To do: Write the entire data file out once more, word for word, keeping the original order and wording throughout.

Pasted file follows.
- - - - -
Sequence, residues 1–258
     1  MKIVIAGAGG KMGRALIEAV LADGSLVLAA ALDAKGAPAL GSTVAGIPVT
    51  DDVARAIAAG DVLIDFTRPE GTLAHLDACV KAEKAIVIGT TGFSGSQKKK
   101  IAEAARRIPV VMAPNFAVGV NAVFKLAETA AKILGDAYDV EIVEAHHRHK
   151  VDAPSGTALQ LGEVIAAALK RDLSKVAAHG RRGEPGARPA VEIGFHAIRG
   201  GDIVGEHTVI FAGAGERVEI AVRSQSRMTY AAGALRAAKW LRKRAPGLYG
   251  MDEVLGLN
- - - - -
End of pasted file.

Sequence, residues 1–258
     1  MKIVIAGAGG KMGRALIEAV LADGSLVLAA ALDAKGAPAL GSTVAGIPVT
    51  DDVARAIAAG DVLIDFTRPE GTLAHLDACV KAEKAIVIGT TGFSGSQKKK
   101  IAEAARRIPV VMAPNFAVGV NAVFKLAETA AKILGDAYDV EIVEAHHRHK
   151  VDAPSGTALQ LGEVIAAALK RDLSKVAAHG RRGEPGARPA VEIGFHAIRG
   201  GDIVGEHTVI FAGAGERVEI AVRSQSRMTY AAGALRAAKW LRKRAPGLYG
   251  MDEVLGLN